Trail running is quite popular here in Squamish, due to the fact that we have beautiful spaces to explore right in our backyards. But running on such uneven ground puts us at risk for spraining our ankles, a very common “traumatic” running injury. While there are no guarantees you won’t sprain your ankle, there are a few things to know that could reduce your risk, whether you are a “recurrent sprainer” or someone lucky enough to have never sprained before.
Just before going further into prevention, I’ll take just a moment to describe what an ankle sprain is…a sprain occurs when a ligament (which is a bone-to-bone connector) is stretched beyond it’s normal length resulting in tissue damage (aka tearing) of varying degrees. 90% of ankle sprains occur on the outside and typically involve the anterior tal-fibular ligament (in green in the anatomy image). A slightly overstretched has a lower grade than a very profoundly damaged tissue usually labelled on a scale of Grade 1 being the less damaged and the Grade 3 being the more damaged. The degree of damage tells you roughly how long recovery will take and how much rehabilitation needs to be done. A Grade 1 injury can often recover in 7-10 days with minimal intervention besides ice/compression/elevation. A Grade 3 injury can take many weeks to some months and extensive therapy to rehabilitate fully.
Given how this could leave active folks on the sidelines from 1 to 12 weeks, avoiding ankle sprains makes sense. Here are my 4 strategies for preventing ankle sprains:
1. Wake up the Proprioceptors! What the heck are “proprioceptors”? They are sensors within ligaments and surrounding our joints that tell us where we are in space. Can you walk through your bedroom in the dark without stubbing your toe on any of your furniture? You can thank your proprioceptors. Damage in an ankle sprain can involve your proprioceptors, meaning your stability sense will be poor. If you have ever sprained an ankle, do this test: stand on one foot with your eyes closed. A healthy adult should be able to do this without touching the floor with the lifted foot for 30 seconds. Compare with your other side. If you can’t balance well with your eyes closed, your proprioceptors may be temporarily “on vacation”. Fortunately, if you challenge yourself to regular balance exercises, things CAN improve. An example of an exercise would be to stand for 5 minutes on one leg at a time (eventually on a soft/unstable surface) 5 days a week pre sports season and then twice a week during the season. This regimen was given to “high risk” (meaning they had had previous sprains) football players and the incidence of injury reduced 77% just with this small intervention.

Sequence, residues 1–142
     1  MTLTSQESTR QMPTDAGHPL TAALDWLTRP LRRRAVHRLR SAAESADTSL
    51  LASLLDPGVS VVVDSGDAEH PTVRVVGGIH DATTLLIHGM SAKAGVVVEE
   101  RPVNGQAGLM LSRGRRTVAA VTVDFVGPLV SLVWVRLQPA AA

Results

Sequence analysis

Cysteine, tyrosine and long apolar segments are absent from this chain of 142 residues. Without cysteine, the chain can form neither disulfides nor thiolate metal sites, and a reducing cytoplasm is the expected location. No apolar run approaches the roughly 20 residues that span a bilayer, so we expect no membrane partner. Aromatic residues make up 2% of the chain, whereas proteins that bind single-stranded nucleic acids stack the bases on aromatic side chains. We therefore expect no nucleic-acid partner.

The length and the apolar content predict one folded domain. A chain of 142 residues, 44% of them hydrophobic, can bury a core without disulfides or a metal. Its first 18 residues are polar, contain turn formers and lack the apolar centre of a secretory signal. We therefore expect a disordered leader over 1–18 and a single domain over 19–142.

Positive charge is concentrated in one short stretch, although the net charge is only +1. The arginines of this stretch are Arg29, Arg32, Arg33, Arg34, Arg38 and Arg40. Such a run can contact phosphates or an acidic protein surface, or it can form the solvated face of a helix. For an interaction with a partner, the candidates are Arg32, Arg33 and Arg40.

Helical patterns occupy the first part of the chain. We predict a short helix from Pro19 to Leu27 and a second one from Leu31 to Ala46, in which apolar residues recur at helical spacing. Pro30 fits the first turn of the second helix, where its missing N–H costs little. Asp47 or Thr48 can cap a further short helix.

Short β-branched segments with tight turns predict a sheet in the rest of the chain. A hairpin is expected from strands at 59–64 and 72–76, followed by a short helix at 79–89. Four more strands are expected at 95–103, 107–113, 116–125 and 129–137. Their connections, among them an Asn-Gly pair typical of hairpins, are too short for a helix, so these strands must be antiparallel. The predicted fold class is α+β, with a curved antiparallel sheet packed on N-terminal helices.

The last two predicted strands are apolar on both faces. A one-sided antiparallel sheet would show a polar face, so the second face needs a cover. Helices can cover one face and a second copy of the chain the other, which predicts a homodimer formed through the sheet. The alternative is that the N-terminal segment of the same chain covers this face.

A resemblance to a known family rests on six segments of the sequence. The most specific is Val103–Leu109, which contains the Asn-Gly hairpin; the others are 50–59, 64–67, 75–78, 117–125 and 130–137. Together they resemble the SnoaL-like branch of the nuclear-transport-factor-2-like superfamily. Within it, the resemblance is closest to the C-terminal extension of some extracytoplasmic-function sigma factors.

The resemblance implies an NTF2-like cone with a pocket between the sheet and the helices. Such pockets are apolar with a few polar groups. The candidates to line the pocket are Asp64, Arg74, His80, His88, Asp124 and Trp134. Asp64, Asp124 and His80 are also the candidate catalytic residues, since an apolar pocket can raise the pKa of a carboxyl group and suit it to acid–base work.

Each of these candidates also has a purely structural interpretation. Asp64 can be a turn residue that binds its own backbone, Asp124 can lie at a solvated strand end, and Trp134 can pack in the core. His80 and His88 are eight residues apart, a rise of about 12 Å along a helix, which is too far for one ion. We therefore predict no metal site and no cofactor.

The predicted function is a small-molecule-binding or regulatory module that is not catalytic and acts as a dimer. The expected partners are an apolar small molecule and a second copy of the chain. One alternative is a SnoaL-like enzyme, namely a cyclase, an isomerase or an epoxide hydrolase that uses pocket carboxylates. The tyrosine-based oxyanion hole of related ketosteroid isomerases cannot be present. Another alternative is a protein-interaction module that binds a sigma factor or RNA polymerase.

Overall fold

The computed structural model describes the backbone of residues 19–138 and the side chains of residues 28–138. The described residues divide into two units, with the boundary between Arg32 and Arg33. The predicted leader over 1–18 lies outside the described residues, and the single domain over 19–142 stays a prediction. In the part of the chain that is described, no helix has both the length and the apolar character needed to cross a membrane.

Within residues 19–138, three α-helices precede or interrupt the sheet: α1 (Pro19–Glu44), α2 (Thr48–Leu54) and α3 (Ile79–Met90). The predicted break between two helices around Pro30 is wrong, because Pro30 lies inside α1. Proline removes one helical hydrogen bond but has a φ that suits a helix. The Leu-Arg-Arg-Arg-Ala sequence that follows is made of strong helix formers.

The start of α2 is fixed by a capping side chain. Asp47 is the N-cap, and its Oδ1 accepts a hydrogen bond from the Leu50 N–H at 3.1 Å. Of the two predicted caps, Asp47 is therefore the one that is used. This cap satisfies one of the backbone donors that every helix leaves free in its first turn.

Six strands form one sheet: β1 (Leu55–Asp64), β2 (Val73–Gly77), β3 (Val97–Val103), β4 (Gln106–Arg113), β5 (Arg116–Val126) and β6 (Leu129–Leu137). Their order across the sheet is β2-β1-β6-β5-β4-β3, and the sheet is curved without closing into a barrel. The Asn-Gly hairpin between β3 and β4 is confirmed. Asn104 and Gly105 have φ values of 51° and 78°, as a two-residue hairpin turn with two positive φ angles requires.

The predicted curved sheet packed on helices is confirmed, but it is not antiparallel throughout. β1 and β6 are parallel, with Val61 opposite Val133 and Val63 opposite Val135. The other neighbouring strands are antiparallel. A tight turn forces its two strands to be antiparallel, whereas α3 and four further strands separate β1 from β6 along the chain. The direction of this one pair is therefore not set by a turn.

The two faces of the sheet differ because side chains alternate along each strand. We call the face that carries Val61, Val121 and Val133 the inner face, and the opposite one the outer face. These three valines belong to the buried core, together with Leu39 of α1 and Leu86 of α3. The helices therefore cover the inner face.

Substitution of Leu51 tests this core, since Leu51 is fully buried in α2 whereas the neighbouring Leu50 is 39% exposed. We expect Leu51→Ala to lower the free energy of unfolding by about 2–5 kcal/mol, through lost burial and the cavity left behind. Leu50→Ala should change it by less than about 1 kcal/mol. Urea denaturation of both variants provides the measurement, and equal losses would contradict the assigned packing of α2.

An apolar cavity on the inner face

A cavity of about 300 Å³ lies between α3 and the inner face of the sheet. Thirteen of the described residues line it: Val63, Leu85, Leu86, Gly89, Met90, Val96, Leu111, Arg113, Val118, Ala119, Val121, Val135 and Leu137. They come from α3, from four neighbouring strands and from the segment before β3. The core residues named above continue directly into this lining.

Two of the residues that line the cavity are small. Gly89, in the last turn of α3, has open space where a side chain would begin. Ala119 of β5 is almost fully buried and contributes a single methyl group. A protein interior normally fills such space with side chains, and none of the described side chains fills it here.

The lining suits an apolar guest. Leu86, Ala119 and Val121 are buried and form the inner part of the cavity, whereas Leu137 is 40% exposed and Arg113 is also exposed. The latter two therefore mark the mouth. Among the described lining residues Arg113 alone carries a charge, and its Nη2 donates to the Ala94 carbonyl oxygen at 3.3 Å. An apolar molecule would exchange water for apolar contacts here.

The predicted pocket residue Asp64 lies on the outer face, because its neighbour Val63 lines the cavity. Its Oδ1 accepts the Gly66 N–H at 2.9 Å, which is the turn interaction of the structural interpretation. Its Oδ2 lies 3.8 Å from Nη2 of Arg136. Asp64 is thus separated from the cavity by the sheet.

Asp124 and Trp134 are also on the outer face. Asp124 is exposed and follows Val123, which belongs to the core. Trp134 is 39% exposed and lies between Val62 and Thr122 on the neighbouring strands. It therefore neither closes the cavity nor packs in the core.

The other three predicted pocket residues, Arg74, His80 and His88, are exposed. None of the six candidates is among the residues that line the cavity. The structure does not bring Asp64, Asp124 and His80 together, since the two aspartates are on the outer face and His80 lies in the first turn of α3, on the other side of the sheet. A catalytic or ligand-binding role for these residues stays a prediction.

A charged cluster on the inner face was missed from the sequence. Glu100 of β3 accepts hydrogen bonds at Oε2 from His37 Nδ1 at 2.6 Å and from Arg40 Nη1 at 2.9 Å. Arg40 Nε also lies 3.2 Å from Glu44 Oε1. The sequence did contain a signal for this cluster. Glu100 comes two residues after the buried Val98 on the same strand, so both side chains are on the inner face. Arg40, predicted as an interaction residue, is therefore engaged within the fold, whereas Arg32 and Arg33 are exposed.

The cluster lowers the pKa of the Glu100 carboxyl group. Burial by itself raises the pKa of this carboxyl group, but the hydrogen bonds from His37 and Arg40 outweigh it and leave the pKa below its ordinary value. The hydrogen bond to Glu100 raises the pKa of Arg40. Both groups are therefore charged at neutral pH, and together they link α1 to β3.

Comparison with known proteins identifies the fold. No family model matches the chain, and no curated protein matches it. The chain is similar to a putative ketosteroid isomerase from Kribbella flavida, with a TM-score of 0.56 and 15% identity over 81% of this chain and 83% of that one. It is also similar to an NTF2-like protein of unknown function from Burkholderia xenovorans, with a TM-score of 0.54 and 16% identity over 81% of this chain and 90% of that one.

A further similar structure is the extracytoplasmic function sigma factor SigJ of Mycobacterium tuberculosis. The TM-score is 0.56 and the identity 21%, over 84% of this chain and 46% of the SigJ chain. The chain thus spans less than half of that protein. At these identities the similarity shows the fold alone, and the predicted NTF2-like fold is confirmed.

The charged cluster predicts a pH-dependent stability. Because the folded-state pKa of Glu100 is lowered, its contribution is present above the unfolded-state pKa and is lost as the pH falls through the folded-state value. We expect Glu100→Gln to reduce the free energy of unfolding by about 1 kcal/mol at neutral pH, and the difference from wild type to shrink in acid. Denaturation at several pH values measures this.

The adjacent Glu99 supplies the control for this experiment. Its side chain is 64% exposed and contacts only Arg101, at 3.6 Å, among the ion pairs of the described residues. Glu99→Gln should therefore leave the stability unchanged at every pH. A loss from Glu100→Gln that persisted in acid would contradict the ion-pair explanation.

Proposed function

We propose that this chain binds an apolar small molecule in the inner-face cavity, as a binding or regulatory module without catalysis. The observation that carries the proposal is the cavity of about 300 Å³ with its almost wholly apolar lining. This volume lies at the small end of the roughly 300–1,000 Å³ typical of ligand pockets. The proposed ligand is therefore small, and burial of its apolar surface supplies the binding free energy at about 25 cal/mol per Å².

2. Get stronger. Not a big surprise here but ankle strength diminishes after a sprain and can stay that way unless you specifically demand more from your muscles. I don’t know how many clients tell me “matter of factly” that they have weak ankles. I think the perception is that this is UNCHANGEABLE. Provided you haven’t sustained nerve damage or severed any muscles in the area, you can change this situation with exercises. Plyometrics are excellent ankle strength builders. For a more gentle start, begin standing on a step doing calf lowering and raising, first on two feet and then on one foot at a time. The one foot part is most important but be sure to take it easy on your first session- the DOMS effect can be very brutal if you do too much.
3. Seek outside support. If you have never sprained your ankle, the research doesn’t support using taping or bracing or orthotics to prevent ankle sprains. However, if you HAVE sprained your ankle, you might benefit from something supportive. Taping is frequently applied in the sports, preventatively. However, tape loosens quickly and has no measurable support after 30 minutes. However, the compression on the skin from the tape surrounding the previously injured joint may help the outer ankle muscles react more quickly by increasing proprioception! Elastic wraps offer NO SUPPORT. Some recurrent ankle sprainers may benefit from orthotics (footbeds). Lastly…
4. FOR RUNNERS: Keep these two common running techniques in mind. Firstly, look ahead. Scan 3-5 meters ahead of where you are currently running. The faster you are going, the further you look. Use your peripheral vision for what’s directly below you, you will be fine because you scanned this same area seconds before while you looked ahead. This keeps you focused and on your game too! Secondly, land on the mid foot, with the foot underneath you where is is more neutral (flexed and stable) rather than on your heel (where even a slight unevenness will rapidly tip over the foot).
There you have it! May you be footloose and sprain-free, all season long!
Have a favorite ankle exercise for strength-buiding or challenging balance? Share it in the comments below.